State legislatures across the country have been jumping into online sports betting all year. Now federal lawmakers, hoping to ensure tribal communities aren’t left behind, are taking action too.
Reps. Luis Correa (D-Calif.) and John Katko (R-N.Y.) have introduced H.R. 4308, which would essentially modify the Indian Gaming Regulatory Act, the main federal statute establishing gaming regulations on tribal lands.
“Congress needs to provide the clarification in my bill to ensure that tribal gaming is not relegated to the same fate as Blockbuster, but can move forward and thrive like Netflix in the era of the internet,” Correa said in remarks entered in the Congressional Record upon filing the legislation.
Sports Betting A New Source Of Economic Growth For Tribes
The text of the bill is not yet available, and emails to Correa’s and Katko’s offices were not returned.
The summary listed in the Congressional Record states the bill would “remove Federal barriers regarding the offering of mobile wagers on Indian lands when the applicable State and Indian Tribe have reached an agreement.”
In his remarks in the Congressional Record, Correa made clear he does not want to see tribes suffer as a result of a changing landscape.
“Many tribal nations [who conduct gaming] have become economic engines in their regions, employing thousands of people and investing tens of millions of dollars into the regional economies on an annual basis,” he said.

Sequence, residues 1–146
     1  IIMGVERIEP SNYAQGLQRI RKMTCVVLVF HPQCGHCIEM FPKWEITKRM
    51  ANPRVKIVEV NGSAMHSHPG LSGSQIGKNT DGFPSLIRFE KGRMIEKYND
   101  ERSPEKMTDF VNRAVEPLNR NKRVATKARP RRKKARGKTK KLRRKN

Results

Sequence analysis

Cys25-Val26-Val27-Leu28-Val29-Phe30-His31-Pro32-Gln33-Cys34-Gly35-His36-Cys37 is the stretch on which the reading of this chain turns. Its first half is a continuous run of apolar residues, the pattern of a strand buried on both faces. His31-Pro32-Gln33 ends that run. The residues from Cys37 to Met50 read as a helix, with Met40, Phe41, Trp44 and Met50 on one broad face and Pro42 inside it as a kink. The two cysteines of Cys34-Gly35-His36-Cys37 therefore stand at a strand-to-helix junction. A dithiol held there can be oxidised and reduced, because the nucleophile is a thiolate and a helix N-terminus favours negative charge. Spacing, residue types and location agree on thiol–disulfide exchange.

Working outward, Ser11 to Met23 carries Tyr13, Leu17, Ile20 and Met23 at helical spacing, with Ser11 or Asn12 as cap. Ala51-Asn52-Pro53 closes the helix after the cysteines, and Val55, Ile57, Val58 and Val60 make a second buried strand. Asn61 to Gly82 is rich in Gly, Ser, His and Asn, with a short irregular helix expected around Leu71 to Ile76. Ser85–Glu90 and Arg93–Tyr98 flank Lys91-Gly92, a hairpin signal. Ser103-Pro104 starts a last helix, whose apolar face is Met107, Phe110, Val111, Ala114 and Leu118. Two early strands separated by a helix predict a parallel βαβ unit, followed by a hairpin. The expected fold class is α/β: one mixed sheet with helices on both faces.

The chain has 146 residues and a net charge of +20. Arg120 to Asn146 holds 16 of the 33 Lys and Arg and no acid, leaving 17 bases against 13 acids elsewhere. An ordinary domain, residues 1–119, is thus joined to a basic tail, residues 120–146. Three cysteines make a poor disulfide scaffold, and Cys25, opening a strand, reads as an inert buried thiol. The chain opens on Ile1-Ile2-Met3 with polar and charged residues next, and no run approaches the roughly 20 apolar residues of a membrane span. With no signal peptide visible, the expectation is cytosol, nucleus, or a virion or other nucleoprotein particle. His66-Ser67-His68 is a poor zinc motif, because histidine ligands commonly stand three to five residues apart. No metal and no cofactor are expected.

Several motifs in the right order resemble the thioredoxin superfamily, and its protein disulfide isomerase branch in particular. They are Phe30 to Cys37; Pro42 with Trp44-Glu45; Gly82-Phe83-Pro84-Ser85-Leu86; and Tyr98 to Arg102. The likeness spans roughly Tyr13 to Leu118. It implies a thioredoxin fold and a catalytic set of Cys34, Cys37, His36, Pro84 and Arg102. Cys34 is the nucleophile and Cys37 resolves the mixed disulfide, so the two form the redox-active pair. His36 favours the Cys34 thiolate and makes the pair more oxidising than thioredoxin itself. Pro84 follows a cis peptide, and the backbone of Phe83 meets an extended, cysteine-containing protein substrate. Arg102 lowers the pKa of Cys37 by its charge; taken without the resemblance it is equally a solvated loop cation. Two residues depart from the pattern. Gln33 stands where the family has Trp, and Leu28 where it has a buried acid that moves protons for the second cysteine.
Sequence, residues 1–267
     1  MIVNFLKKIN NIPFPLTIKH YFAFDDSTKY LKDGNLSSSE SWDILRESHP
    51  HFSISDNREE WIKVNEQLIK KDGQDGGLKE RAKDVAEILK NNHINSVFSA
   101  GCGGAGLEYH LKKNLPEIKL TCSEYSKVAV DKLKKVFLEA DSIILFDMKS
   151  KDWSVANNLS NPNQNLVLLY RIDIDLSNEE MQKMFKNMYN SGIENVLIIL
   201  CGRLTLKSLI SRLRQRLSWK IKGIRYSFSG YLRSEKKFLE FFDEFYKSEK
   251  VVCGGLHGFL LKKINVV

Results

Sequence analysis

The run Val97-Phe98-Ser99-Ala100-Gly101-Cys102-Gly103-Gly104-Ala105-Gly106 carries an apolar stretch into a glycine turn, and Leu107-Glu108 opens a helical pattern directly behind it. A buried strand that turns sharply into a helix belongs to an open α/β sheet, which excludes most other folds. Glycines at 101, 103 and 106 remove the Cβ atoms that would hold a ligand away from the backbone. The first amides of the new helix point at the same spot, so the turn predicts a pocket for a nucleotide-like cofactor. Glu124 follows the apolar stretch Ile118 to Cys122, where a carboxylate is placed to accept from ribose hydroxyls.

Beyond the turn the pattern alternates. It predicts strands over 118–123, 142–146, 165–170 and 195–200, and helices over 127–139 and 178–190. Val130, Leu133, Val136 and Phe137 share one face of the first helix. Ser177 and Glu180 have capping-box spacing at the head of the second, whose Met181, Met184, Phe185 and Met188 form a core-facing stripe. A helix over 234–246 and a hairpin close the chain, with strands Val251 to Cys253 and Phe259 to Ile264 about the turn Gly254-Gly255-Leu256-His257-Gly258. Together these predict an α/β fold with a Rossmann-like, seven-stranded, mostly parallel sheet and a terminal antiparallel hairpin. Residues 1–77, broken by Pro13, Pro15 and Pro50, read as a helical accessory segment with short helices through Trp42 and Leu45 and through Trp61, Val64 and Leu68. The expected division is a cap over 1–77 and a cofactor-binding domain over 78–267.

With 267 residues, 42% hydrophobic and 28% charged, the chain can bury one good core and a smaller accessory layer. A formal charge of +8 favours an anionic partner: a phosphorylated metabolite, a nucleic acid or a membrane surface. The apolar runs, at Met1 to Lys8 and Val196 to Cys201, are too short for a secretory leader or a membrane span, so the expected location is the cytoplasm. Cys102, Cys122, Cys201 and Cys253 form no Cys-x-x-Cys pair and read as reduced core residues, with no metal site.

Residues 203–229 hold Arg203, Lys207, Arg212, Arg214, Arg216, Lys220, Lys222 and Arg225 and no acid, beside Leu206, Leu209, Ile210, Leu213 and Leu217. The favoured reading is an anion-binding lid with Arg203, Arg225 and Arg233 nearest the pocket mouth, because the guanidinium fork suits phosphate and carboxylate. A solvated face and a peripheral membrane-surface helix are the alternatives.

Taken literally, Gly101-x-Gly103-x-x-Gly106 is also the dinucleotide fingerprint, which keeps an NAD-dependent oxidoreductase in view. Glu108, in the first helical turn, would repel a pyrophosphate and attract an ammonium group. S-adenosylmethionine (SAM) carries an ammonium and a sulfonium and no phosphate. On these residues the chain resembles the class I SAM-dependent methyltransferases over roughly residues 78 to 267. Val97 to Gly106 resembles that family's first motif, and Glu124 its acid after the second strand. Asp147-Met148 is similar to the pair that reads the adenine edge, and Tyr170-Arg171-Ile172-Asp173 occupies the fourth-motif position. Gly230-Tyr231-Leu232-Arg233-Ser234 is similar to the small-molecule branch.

“However, the gaming industry is quickly evolving and more and more states are legalizing some form of gaming activity that primarily utilizes the internet. Sophisticated, well-financed digital companies that did not exist even 10 years ago are changing the gaming industry before our eyes.”
Federal Bill Targets Agreements Like Such As Florida Compact
Opponents have called this a technicality and on Friday took the case to court arguing the servers do not live up to the intent of IGRA, which stipulates tribal gaming must take place “on Indian lands.”
Because the compact involves tribal issues the Secretary of Interior Deb Haaland must sign off on it. A decision from her is expected later this month.
Correa thinks tribes should not have to wait and hopes his legislation would help DOI move faster and without confusion.
“The federal law governing tribal gaming was enacted in 1988, prior to the internet being readily available, and the law does not expressly address the internet. As you can imagine, setting up these new gaming systems involves significant financial investments. Tribal governments should not be required to make these investments without having clarity and comfort of what laws will apply to them,” he said.
Bob Jarvis, a gambling law expert at Nova Southeastern University in Fort Lauderdale, said the federal legislation is an effort to offer clarity and guidance to tribes in Florida and elsewhere.
“[T]he fact that Correa has introduced HR 4308 shows: 1) how much other tribes want to do what the Seminoles are trying to do; and, 2) the concern that such tribes have that the Seminoles’ plan will be invalidated by either DOI or the courts,” Jarvis wrote in an email to Gaming Today.
Correa’s bill has been referred to the House Natural Resources Committee.